From the 90s, it gets the fascination with references and being self-referential, plus the attempt to assert shared modern pop culture as a type of mythology.

From the 2000s, it gets the fascination with mash-ups and meta-text, along with the decade’s lesson learned by over-saturating cinema and TV with CGI, then scaling back to over-correct.

And the result is something that’s simultaneously meta-textual and earnest, referential without winking. It’s a story focused more on forward momentum and formulating a plan of action that showing an action scene followed by multiple scenes of actors dealing with the consequences. Its scares are earned and they’re old-fashioned, and it’s surprising just how well they work. It recreates a fantasy version of 1984 that somehow feels more “real” than Spielberg’s attempts to be contemporary.

I’ve got no idea whether it can work again as well as it did the first run, or whether you could achieve the same effect without the 1980s homage being an essential part of the whole project. As it stands, though, it does a fantastic job establishing and maintaining a tone of referential sincerity that doesn’t just pay honor to the originals, but in so many ways, surpasses them.

Daredevil: Gold

DaredevilHappyEnding
A while ago I wrote about my first impressions of the at-the-time-new Daredevil series on Netflix. I thought it was brilliant, but still only managed to get halfway through the season before having to set it aside.

The “problem” was that it was too good at the mood it was trying to establish. The tension of the series relies on the feeling of a city that’s irreparably broken, where the corruption goes so deep that it taints even the people trying to fight against it. It remains a solid series throughout, but it’s not a carefree, fun romp.

Now, I’ve finally finished watching the first season, and my opinion of it’s changed. Before, I thought it was really good. Now, I think it’s kind of a master work. If it just existed in a vacuum as a one-hour drama/action television series, it’d be really well-done if not groundbreaking; the hyperbole comes in when you consider it as an adaptation. Not just of a long-running series, but of a franchise and a format.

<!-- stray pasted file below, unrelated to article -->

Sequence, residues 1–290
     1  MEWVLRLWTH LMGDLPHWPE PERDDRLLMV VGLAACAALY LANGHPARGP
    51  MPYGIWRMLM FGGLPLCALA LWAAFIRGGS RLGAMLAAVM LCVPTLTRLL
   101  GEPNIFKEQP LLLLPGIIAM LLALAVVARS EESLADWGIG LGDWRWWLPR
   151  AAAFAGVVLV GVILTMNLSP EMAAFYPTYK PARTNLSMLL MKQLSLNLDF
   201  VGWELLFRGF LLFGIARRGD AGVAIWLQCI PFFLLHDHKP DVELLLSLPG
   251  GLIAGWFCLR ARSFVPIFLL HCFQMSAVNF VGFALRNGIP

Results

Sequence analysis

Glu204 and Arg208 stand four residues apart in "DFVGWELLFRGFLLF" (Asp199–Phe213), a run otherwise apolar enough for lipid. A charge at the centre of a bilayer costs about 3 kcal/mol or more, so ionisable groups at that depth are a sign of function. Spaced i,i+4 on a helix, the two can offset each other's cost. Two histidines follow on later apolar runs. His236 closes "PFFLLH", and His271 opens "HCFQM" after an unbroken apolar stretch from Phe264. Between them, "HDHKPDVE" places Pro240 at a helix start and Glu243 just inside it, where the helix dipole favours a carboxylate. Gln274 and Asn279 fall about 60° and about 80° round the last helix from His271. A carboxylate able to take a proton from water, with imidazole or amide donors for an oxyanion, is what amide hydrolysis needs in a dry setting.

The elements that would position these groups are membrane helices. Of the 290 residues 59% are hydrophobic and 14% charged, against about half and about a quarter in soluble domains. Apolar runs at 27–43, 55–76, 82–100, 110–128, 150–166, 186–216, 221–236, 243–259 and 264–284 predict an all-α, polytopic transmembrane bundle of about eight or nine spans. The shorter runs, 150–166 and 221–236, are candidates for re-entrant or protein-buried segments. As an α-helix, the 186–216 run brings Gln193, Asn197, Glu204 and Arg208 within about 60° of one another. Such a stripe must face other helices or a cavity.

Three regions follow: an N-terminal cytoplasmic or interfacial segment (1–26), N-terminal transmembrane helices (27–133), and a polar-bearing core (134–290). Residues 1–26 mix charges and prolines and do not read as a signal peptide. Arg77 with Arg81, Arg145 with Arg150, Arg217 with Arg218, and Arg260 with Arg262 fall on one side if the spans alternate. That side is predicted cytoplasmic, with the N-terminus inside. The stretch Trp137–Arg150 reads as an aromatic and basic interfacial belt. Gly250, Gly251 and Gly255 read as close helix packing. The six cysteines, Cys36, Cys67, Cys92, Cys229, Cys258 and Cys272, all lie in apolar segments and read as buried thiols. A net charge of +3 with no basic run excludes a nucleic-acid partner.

Really, what’s most amazing to me is that it exists at all, when you consider all the different ways it could’ve gone wrong. It could’ve collapsed under the weight of its own cliches, being unabashedly an adaptation of a comic book. It could’ve been pulled apart in any number of directions — too enamored of its fight scenes to allow for long stretches with nothing but dialogue, or too enamored of its “important” dialogue to realize how much storytelling it can accomplish with choreographed fight scenes. It could’ve quickly revealed itself as too derivative, or tried to crib too much from the Christopher Nolan version of Batman, considering that it’s based on a character that was already derivative. It could’ve suffocated from having its head too far up its own ass, being based on what’s maybe the most self-consciously “adult” of mainstream comics characters, and gone the route of “grim and gritty” comics’ facile understanding of what’s “mature.” It could’ve had performances that were too Law & Order for the comic-book stuff to read, or too comic-book for the dramatic stuff. The character of Foggy could’ve been so self-aware as to be insufferable, or the character of Karen could’ve been nothing more than a damsel in distress or a dead weight. It could’ve all been completely torn apart once they let Vincent D’Onofrio loose.

But it all works. (Almost). It’s a self-contained arc and a hero’s journey story and a tragedy and a character study and a crime drama and a martial arts series and a morality play and a franchise builder. It’s never so high-minded that it forgets to be entertaining, but it does insist that entertainment doesn’t have to be stupid. Yes, it is going to show you Daredevil fighting a ninja, but you’re also going to watch a scene that’s entirely in Mandarin, so don’t complain about having to turn the subtitles on.

If, like me, you were unfamiliar with the character other than at the most basic level — blind lawyer with super-senses who fights criminals with a cane that turns into nunchucks — then take a second to read an overview of the character’s history. And be impressed not only at how much they managed to retain, but how many horrible pitfalls they avoided.